Chris Blattman

Thrilled to announce I’ll be joining the Trump campaign to advise on development and humanitarian assistance…

Real estate tycoon Donald Trump flashes the thumbs-up as he arrives on stage for the start of the prime time Republican presidential debate on August 6, 2015 at the Quicken Loans Arena in Cleveland, Ohio. AFP PHOTO/MANDEL NGAN        (Photo credit should read MANDEL NGAN/AFP/Getty Images)

…Is the most common April Fools joke I am seeing in my Facebook and Twitter feed. We really did all wake up with the same idea this morning.

The thing is, somebody really does need to start advising him. The transcripts of his foreign policy discussions and Washington Post and New York Times have to be read to be believed. The simplest and probably correct reading is that he has not spent much time thinking about the issues, in part because it’s not a serious primary issue, and so is making it up as he goes along. In the absence of any advisors, it’s actually a very effective way to float and get feedback on policy ideas, especially if you have no compunction about doing the opposite of what you said later on. It’s the gift of a populist too.

Meanwhile, the American Politics faculty at Columbia ran a panel for other faculty yesterday on what we’ve learned about politics from Trump and what we haven’t. Many interesting things were said. A sampling:

  • For all the talk of the party not getting behind Trump as the nominated candidate, it’s important to remember that this hasn’t happened in a century. Anything is possible, but both parties have unified behind polarizing figures in the past. Therefore you can expect some serious foreign policy advisers to jump on soon.
  • History also suggests that, in the general election, a candidate’s ability and character matter less than the party affiliation and current conditions. That is, it might be more accurate to think about the general election as a referendum on the Obama administration that a vote for (or against) Clinton or Trump.
  • Primary rhetoric is partly emotion and partly an act. The politicians know this. A lot of the public knows this. And divides that seem impossible to bridge often have bridges six months later.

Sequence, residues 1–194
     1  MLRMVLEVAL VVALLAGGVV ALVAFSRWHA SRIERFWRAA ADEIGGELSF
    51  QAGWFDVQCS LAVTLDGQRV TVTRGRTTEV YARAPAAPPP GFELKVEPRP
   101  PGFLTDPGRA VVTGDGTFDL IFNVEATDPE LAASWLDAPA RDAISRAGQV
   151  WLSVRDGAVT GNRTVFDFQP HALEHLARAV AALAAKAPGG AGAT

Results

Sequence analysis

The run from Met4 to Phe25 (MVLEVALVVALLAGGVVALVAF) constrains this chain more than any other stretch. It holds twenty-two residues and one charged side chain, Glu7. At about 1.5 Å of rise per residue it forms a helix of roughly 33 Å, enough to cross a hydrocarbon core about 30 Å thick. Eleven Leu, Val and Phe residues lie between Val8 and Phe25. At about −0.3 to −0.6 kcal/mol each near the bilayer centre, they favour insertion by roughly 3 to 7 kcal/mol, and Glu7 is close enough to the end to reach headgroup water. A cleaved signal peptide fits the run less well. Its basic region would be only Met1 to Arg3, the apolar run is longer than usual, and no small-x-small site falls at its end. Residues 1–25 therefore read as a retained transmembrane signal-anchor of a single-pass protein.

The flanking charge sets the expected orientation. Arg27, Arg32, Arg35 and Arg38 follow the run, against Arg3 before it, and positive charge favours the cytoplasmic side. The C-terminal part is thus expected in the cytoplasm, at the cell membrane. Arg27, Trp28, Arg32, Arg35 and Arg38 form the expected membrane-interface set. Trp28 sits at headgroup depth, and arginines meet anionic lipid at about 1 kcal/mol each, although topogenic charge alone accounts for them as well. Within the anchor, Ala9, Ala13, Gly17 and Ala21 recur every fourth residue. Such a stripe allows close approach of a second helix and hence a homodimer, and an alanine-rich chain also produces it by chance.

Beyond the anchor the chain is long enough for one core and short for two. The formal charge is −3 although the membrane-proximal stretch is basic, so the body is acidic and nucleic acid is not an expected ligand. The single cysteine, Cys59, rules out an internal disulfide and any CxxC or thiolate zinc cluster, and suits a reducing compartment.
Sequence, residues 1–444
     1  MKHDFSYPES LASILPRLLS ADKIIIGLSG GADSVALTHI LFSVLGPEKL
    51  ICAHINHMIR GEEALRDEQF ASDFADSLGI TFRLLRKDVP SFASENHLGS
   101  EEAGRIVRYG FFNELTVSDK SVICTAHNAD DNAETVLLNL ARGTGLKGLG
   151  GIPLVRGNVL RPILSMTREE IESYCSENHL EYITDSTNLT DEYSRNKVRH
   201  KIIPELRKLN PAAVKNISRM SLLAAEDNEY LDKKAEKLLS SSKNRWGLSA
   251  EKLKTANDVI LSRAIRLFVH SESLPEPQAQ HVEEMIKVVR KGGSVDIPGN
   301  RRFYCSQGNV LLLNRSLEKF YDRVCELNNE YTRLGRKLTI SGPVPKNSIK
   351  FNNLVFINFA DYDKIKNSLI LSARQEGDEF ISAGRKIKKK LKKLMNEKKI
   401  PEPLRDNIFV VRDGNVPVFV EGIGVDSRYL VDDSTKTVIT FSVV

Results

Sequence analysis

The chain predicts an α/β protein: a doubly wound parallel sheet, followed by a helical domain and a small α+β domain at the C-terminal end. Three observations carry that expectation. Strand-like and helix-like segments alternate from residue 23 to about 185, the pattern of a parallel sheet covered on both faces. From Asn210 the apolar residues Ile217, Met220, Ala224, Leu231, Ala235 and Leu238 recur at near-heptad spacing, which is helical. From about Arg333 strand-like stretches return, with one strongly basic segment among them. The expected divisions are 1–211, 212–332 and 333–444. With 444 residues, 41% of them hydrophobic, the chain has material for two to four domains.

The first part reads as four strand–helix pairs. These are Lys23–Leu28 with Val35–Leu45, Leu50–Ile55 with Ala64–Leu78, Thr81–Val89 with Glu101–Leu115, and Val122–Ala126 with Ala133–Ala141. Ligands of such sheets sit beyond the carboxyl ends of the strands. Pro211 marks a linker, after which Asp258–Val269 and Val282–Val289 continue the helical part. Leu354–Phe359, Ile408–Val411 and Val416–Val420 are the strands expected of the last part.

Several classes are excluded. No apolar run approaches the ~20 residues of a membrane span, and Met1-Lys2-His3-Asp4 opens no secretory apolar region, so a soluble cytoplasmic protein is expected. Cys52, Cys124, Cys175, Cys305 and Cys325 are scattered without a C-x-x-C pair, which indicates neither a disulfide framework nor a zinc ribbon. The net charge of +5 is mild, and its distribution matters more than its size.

• If you looked at the breadth of candidates at the outset, it wasn’t hard to predict that the Republican primary would go to the convention. But no one would have predicted it would be these three.
  • Looking back, you can understand Trump as having some advantages in this kind of crowded field: a gift for capturing the mood of the people, a guy who can think on his feet.
  • Also, while there have always been voters with a degree of intolerance, and a taste for the authoritarian, historically they have been spread across both parties. But that distribution has changed in recent years. You no longer have many conservative Democrats or liberal Republicans, in Congress or the voter ranks. So that raises the support base for their kind of candidate.

My reading is that the political scientists haven’t decided to change their theories yet, so much as they have updated their beliefs about some features of the American public. You cannot fit a theory to a single case, and a single unusual result doesn’t and shouldn’t upend theories of how politics works.

Another way you might say this is that “Trump is in the error term.” That to me is the most plausible explanation.

21 Responses

  1. ” somebody really does need to start advising him”…
    This one of those “You can explain it to him, but you can’t understand it for him” situations.

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